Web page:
Miami Beach's reefer revolution

Keep New Times Free
I Support
  • Local
  • Community
  • Journalism
  • logo

Support the independent voice of Miami and help keep the future of New Times free.

It's a scorching late afternoon in mid-July. Strolling on the sidewalk along the west side of Flamingo Park in South Beach, Eric Stevens approaches a man holding his toddler son by the hand. The blond-haired, blue-eyed University of Miami business school graduate asks the father if he is a registered voter in Miami Beach. The man, whose name is Charlie, replies in the affirmative. "I was wondering if you would sign a petition that would allow Miami Beach Police officers to issue a citation to anyone caught with 20 grams or less of marijuana instead of putting them in jail," Stevens says. The dad doesn't hesitate: "Where do I sign?"

Stevens then walks over to a thin, young man named Adrian, who's wearing a tank top and gym shorts and leaning against a pole holding a basketball hoop. "A $100 fine instead of jail?" Adrian remarks. "That's cool, man." Over the course of three hours, Stevens collects two dozen signatures from registered Miami Beach voters for a petition that would decriminalize possession of small amounts of marijuana.

The 23-year-old Foxboro, Massachusetts native forms half of the brain trust behind Sensible Florida, a group that earlier this year initiated a petition drive in Jacksonville that stalled before coming to Miami's French Riviera to make a go of it. His counterpart is Ford Bannister, a 27-year-old who helped push medical marijuana referendums in Denver, where it is now legal. As of this past September 6, Sensible Florida has collected 2,402 signatures from registered voters in Miami Beach. Stevens and Bannister need to get another 1,800 John Hancocks in order to hold a special election that would let Beach residents make their city the first in Florida to legalize small amounts of reefer.


Legalize marijuana

"Billions of dollars have been spent on the drug war to put countless people in jail and ruin their lives," Stevens reasons as a brunette unloading her Mini Cooper signs the petition. "But it just seems impossible to me that anyone can stop a plant from growing anywhere in the world."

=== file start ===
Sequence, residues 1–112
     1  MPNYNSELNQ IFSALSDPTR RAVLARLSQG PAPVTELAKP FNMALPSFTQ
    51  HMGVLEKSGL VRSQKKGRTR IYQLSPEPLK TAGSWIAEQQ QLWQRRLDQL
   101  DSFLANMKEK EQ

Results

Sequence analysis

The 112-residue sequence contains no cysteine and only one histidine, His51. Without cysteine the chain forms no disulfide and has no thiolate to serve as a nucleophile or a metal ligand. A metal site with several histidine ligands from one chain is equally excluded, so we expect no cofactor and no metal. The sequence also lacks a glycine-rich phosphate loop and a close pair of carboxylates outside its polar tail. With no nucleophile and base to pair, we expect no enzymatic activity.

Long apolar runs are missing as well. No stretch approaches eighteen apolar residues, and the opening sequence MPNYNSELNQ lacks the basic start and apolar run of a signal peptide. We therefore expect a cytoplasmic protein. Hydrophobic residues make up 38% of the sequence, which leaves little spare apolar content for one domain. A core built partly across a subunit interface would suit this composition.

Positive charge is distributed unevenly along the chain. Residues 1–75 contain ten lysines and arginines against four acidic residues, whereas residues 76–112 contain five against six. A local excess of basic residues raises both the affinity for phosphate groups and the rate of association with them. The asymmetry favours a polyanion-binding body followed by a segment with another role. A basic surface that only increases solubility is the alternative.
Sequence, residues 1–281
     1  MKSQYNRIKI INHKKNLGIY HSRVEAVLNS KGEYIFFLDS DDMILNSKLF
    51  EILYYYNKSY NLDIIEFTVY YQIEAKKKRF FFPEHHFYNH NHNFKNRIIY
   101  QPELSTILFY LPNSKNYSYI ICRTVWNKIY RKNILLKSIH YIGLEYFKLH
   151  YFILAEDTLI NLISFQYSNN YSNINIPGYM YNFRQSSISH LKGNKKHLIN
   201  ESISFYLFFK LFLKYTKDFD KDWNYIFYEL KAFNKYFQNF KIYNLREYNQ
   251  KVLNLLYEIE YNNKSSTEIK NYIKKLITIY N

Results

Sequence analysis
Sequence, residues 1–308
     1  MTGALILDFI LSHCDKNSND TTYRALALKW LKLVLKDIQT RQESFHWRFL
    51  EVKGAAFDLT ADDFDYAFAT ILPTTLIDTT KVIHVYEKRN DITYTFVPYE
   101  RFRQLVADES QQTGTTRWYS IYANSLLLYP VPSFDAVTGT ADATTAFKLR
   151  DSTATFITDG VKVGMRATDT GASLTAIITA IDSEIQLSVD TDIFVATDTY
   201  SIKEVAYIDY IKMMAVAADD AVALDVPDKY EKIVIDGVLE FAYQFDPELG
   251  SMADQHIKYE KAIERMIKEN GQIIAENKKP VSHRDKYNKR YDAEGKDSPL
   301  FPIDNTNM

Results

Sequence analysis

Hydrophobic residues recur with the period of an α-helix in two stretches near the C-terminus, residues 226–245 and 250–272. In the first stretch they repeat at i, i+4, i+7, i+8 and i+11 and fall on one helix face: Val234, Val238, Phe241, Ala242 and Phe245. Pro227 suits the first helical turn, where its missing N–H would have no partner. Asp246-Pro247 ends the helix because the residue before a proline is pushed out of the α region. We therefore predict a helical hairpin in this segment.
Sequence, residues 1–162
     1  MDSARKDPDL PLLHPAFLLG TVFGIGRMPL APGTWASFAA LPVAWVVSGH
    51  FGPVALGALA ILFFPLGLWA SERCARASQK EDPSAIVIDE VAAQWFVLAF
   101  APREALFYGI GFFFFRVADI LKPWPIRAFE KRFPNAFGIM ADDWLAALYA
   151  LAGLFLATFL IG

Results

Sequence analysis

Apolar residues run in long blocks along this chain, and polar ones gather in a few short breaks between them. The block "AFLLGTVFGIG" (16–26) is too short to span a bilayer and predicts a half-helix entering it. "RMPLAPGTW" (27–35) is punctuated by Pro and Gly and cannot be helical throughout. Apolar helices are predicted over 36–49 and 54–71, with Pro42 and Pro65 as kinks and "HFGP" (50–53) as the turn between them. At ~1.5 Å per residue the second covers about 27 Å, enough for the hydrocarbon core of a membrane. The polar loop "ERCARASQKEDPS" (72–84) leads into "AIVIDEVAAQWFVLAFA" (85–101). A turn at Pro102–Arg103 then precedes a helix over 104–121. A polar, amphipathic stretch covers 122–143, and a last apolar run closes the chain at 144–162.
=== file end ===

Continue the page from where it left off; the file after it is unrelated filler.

Stevens's path to pro-marijuana activist began last summer when he was taking an entrepreneurial class during his junior year. "I was a naval sea cadet in high school and a straight-A student," he says. "I always thought marijuana was bad for you until I realized fellow classmates who were much smarter than me smoked pot and still excelled."

So for his class, he developed a business plan advocating for medical marijuana dispensaries in Florida, which won him a $2,500 endowment from the university's business school to further study his proposal. "Florida is an agricultural state," he says. "And marijuana is the number one cash crop in the country, so it seemed pretty logical to me."

Stevens used the money to cover travel expenses to California, the first state to legalize medical marijuana, where he visited dispensaries and Oaksterdam University in Oakland. There he took advanced classes on the business of government-regulated pot selling. He also familiarized himself with the federal government's hypocrisy on marijuana. "I found out that the government has a patent on THC [the primary intoxicant in pot] to make marinol for medicinal purposes," he says. "Yet the same government classifies marijuana as a Schedule I drug, meaning that it has no medicinal value."

After his trip out West, Stevens returned home to Foxboro, where he volunteered on the ballot initiative that last year made medical marijuana legal in Massachusetts. After graduating in May, he joined Bannister to bring the reefer revolution to the Sunshine State.

"I've always been entrepreneurial," Stevens notes. "I saw a huge demand but a low supply for a safe product with significant medical benefits. Many of the arguments for keeping marijuana illegal just don't have any substance."

Read on for some intriguing facts about pot.

Keep Miami New Times Free... Since we started Miami New Times, it has been defined as the free, independent voice of Miami, and we would like to keep it that way. Offering our readers free access to incisive coverage of local news, food and culture. Producing stories on everything from political scandals to the hottest new bands, with gutsy reporting, stylish writing, and staffers who've won everything from the Society of Professional Journalists' Sigma Delta Chi feature-writing award to the Casey Medal for Meritorious Journalism. But with local journalism's existence under siege and advertising revenue setbacks having a larger impact, it is important now more than ever for us to rally support behind funding our local journalism. You can help by participating in our "I Support" membership program, allowing us to keep covering Miami with no paywalls.

We use cookies to collect and analyze information on site performance and usage, and to enhance and customize content and advertisements. By clicking 'X' or continuing to use the site, you agree to allow cookies to be placed. To find out more, visit our cookies policy and our privacy policy.


Join the New Times community and help support independent local journalism in Miami.


Join the New Times community and help support independent local journalism in Miami.